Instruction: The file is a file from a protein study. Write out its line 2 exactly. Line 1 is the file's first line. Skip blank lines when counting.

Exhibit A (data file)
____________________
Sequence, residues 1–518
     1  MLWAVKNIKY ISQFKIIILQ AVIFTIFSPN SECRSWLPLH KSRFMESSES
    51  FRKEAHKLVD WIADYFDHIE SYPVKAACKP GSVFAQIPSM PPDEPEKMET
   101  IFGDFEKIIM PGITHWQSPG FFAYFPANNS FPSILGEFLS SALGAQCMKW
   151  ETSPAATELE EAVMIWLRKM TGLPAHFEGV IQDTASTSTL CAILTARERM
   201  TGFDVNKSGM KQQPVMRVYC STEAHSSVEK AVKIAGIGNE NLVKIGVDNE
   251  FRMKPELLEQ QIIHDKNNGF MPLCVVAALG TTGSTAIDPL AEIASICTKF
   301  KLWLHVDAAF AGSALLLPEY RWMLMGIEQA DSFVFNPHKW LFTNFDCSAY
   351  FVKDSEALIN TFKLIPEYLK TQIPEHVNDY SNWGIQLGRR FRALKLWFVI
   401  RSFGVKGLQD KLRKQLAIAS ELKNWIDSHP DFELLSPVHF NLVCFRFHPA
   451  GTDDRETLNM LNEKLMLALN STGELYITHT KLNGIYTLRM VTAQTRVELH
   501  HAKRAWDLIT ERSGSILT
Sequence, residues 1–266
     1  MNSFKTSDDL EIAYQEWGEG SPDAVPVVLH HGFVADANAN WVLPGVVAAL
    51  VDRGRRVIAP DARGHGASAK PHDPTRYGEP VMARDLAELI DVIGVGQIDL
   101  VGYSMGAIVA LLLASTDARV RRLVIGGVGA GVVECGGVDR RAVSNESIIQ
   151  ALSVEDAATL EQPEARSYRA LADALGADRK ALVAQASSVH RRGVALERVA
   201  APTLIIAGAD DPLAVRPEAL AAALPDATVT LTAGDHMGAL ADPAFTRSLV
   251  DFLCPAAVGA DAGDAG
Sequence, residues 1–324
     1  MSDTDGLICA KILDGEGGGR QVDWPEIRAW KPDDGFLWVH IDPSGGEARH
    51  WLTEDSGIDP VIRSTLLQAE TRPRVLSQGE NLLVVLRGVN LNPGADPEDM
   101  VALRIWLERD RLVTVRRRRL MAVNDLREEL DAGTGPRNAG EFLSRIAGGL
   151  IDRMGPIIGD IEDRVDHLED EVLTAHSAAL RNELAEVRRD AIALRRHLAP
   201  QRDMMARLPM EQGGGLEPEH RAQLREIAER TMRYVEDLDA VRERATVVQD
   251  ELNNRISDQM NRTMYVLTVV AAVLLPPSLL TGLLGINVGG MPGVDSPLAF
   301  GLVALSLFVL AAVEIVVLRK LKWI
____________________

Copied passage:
     1  MLWAVKNIKY ISQFKIIILQ AVIFTIFSPN SECRSWLPLH KSRFMESSES